Paper No. 22
Presentation Time: 2:30 PM


KELLY, Nicholas, Department of Geology, Mercyhurst University, 501 East 38th Street, Erie, PA 16546, LANG, N.P., Department of Geology, Mercyhurst University, Erie, PA 16546 and THOMSON, Bradley James, Center for Remote Sensing, Boston University, 725 Commonwealth Ave., Room 433, Boston, MA 02215,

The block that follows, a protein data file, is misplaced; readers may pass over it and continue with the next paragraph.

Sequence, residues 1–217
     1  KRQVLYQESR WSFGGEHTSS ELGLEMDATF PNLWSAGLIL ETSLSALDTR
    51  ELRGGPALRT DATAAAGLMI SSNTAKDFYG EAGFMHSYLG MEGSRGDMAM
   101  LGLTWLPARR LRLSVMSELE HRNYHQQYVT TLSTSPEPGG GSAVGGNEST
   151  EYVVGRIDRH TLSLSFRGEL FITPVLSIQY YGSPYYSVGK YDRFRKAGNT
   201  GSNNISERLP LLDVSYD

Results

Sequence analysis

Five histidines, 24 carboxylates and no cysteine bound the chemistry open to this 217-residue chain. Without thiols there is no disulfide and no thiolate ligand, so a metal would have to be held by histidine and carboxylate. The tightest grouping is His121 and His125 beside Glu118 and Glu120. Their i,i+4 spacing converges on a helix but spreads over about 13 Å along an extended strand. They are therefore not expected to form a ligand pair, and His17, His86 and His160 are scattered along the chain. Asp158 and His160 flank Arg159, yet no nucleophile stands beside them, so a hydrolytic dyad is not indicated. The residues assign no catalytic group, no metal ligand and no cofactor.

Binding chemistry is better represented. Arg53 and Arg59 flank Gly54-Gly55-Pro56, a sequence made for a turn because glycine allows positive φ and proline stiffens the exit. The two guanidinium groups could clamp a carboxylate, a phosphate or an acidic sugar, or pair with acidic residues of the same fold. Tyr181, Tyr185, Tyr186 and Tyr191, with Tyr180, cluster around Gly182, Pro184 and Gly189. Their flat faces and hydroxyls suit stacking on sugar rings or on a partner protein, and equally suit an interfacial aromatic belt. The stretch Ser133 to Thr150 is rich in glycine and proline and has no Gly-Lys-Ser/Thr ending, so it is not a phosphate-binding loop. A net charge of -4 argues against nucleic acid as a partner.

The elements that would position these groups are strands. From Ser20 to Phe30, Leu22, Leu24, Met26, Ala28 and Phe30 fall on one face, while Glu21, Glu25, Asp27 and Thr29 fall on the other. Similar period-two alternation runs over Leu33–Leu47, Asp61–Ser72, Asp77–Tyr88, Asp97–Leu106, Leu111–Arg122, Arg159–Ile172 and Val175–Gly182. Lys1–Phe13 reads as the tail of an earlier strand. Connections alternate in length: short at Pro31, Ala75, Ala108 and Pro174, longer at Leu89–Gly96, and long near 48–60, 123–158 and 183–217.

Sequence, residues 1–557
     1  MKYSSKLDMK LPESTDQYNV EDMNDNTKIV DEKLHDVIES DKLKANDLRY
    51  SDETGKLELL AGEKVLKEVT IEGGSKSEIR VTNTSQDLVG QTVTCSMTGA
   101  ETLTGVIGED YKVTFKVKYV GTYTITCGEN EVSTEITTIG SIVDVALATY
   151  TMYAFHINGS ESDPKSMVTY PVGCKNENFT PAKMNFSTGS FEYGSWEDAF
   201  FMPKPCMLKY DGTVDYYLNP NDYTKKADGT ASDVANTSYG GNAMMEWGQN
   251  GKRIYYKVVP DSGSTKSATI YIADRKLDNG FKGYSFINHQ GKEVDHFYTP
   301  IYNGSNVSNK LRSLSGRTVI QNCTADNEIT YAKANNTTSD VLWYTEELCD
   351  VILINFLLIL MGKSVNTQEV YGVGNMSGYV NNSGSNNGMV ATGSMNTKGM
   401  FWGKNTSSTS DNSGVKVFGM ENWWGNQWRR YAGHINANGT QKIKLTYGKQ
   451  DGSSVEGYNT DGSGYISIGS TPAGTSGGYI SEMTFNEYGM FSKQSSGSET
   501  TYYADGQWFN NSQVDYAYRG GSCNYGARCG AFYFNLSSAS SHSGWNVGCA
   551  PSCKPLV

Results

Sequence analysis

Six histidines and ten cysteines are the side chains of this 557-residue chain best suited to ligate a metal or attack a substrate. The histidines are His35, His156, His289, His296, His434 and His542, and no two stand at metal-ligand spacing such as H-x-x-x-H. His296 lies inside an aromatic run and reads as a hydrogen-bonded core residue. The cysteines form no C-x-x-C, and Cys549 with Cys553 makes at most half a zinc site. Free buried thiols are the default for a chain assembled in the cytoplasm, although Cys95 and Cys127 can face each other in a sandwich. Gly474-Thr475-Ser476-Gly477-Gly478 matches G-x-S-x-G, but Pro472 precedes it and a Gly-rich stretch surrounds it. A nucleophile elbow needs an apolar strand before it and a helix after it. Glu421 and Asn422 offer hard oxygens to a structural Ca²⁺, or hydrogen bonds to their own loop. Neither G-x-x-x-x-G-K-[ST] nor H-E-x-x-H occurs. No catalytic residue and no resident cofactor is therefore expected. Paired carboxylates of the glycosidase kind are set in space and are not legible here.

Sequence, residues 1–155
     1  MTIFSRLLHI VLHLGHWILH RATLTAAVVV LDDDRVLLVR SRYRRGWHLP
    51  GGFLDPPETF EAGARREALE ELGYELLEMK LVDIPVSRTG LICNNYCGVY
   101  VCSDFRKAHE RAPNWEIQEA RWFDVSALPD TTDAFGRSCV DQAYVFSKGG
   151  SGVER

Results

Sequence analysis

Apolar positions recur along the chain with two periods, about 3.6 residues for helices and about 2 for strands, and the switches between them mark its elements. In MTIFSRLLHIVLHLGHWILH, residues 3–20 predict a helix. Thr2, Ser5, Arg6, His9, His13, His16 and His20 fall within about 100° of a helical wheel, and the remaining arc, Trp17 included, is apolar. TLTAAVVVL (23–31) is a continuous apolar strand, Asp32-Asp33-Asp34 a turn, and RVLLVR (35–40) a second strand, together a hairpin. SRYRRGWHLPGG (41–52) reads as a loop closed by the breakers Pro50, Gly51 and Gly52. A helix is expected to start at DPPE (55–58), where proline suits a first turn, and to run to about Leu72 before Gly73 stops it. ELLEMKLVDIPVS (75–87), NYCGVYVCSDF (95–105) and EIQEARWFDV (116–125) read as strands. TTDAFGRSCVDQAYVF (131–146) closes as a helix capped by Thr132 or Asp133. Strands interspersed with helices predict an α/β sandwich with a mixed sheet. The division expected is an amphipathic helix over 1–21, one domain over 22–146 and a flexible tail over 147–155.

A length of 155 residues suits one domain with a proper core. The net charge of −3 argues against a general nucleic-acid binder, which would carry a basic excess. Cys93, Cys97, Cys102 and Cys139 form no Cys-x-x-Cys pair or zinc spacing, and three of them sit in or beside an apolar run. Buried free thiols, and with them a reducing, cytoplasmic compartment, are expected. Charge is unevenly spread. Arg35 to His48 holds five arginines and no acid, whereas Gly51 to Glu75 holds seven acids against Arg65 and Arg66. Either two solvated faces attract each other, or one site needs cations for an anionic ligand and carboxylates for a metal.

Small shields represent perhaps the most dominant manifestation of volcanism on Venus. Defined as volcanic constructs <20 km in diameter and <<1 km in height, many small shields (or shields) typically occur in fields that are either associated with a larger volcanic edifice (e.g. a corona) or as isolated clusters. Although much work has examined the physical characteristics of shields and the timing relations of shield fields with surrounding units, the origin and history within individual shield fields remains unclear. With the goal of better understanding the geologic history recorded within Venusian shield fields, we have examined shield clusters in four regions using Magellan Synthetic Aperture Radar (SAR) imagery (~75 m/pixel): 1) Chernava Colles (335oE, 10oN), 2) Ran Colles (162oE, 0oN), 3) Llorona Planitia (146oE, 4oN), and 4) Jurate Colles (156oE, 55oN). Chernava Colles is a ~164,000 km2 shield field with predominantly cone-shaped edifices ~1-2 km in diameter. Llorona Planitia hosts a ~185,000 km2 field; the average edifice diameter is ~4 km with constructs displaying morphologies ranging from a flat, pancake like shape to cone-like edifices. Ran Colles measures ~643,000 km2 and hosts edifices ~6 km in diameter with a large width:height ratio where shields are mostly defined by circular changes in backscatter. Jurate Colles, is ~617,000 km2 with edifices ~3 km in diameter; Jurate’s shields are the most defined of the examined fields where they typically occur as steep-sided conical edifices with visible summit pits. Although an array of edifice morphologies may be present within a single field, one type of edifice morphology typically dominates over others within each field (e.g., cone-shaped edifices in Jurate vs. flatter edifices at Ran). This intra-field dominance of one edifice type may reflect magma viscosity variations and/or eruption rate/style at each field – factors possibly influenced by each field’s surrounding geology, suggesting that each field should be put into a regional context when interpreting its evolution. Shield-sourced flow material within a field typically blends with surrounding edifices and deposits making intra-field timing relations difficult to decipher through geologic mapping at Magellan SAR resolution meaning additional means of examining shield fields may be required.